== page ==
However this year my shopping trip was destroyed by a trip into Fortum and Mason’s. On what can only be described as a real life version of “Super Market Sweep”, my husband and I did the rounds filling our baskets with luxury products for our friends and family. Fine teas, wines, mince pies, the list goes on and on. Whilst visiting the food court downstairs I discovered a tin for sale containing Foie Gras. I instantly felt sick. It brought back a terrible memory of a video I once watched in the production of this vile cruel product. My day was instantly ruined. The whole day I kept thinking back to that tin and what those birds must have gone through to make that product.

This link below, narrated by Sir Roger Moore sums up the cruelty. I urge everyone to watch it even though it is distressing. There should be great importance placed on knowing where and how your food is produced.

I have now decided to start a campaign in the hope to totally remove from sale this product from all UK stores starting with Fortum and Mason. In my research into this product I have found disappointingly that Harrods will be my next point of call for a letter. This hurts more than discovering that F&M stock this product as I have previously worked for this company. On a more positive note, Selfridges of London have been leading by example, removing from sale this barbaric item since 2009. I even discovered in my research that they sacked a well-loved butcher who took it upon himself to sell the product under the counter in their main London store like contraband.

My hat is raised to Selfridges and I hope that Harrods and F&M can see that in 2017 that there is no place for the sale of this horrendous product.

My letter below will be sent tomorrow to F&M and I shall also write to Harrods. I shall be updating my blog with the outcome. Wish me and my one-woman quest the best of luck!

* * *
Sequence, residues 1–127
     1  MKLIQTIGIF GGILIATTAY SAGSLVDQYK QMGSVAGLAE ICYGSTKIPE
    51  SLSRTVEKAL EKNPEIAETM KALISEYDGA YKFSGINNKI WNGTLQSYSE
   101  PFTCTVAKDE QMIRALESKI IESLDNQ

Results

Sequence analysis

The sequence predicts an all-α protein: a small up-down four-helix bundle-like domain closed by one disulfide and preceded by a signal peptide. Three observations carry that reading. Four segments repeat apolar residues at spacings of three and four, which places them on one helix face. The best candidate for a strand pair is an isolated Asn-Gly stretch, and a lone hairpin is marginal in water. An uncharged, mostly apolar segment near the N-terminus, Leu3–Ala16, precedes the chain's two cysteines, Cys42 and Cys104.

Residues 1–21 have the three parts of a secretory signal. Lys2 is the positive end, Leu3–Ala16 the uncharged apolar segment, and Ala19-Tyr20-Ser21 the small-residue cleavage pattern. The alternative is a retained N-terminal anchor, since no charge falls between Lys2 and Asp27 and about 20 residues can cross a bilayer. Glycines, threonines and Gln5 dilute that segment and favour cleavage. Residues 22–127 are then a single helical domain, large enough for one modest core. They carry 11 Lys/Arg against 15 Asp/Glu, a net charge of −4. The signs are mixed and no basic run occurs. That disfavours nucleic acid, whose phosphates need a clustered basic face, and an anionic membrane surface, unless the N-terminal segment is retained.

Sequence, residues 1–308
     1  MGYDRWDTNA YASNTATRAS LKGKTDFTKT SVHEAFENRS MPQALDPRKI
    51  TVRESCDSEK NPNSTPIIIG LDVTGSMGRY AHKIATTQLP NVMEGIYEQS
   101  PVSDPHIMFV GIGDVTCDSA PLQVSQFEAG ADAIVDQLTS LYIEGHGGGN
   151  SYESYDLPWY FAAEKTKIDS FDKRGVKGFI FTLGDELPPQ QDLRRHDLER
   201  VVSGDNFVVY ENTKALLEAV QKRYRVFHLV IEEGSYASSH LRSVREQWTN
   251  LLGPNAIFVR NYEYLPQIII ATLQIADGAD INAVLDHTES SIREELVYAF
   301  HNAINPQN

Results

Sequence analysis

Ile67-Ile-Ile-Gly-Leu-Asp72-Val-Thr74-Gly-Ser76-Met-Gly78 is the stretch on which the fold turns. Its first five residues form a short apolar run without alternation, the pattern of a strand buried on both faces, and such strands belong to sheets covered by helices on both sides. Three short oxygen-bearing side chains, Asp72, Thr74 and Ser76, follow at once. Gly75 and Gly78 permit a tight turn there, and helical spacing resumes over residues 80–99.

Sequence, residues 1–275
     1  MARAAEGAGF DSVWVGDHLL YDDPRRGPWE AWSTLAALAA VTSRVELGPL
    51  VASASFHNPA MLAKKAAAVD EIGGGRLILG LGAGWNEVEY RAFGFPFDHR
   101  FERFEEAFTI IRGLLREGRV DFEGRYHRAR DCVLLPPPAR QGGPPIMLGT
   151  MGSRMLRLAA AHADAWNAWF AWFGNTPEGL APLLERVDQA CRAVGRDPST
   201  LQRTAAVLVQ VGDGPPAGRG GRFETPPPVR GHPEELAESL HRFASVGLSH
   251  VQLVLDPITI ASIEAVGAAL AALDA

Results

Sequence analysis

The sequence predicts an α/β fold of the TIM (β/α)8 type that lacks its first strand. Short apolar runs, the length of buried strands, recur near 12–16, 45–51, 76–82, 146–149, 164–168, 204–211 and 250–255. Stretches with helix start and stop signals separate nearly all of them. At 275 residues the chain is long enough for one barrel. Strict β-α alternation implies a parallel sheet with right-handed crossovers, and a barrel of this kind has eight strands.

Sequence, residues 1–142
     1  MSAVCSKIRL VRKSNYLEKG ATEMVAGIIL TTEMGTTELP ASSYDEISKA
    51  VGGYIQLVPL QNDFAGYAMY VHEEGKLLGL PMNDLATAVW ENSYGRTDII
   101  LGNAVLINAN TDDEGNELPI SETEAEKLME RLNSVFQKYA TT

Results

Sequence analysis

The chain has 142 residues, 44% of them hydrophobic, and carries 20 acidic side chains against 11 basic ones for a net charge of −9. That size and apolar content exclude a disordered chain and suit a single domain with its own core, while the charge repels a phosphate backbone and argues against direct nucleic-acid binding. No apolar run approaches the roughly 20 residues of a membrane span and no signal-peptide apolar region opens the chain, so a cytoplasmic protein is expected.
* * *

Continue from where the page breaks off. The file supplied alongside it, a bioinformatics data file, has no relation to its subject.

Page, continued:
Dear Fortnum and Mason,

I just want to start by thanking you for giving us “Fortum and Mason.” What an incredible store, full of great British enchantment and nostalgia. Renowned as a true piece of British iconic culture, defining British high end retail at its very best, and for this reason one of my first stops whenever visiting London.

You have for years romanticised us mere mortals with you bohemian take on lifestyle, home, food and drink. Creating such magic as marmalade bucks fizz with edible glitter and giving us products such as olive wood and sterling silver honey drizzliers. Whoever would have thought we would have required such decadence in our lives.

It has always been a pleasure to spend money in your establishment, as I adore your quirkiness and sense of style. The very giving of gifts from F&M enables the public to reap huge amounts of selfish gratification and reward; after all who wouldn’t want to receive pure indulgence in gift form?

Until my last visit your store in my eyes was held in such high regard; that was however until I realised you stocked foie gras.

For me as a customer you’ve destroyed the very personification of your store. I can’t believe such a wonderful British institution could have fallen to such an all time low. I would love to know which ill educated buyer from your store ever thought that putting foie gras for sale in your store was a good idea?

Being regarded, as one of the top British food emporiums should come with some large responsibilities, one of which should be the ethical treatment of animals. Fortum and Mason should be leading the country by example, and not putting profit up for exploitation.

F&M’s famed previously for the finest British Royal meat, has hit rock bottom in my books. By stocking and selling foie gras you have done your country, store and British famers a massive disservice, not to mention the copious amounts of birds, which you contribute in torturing on a daily basis.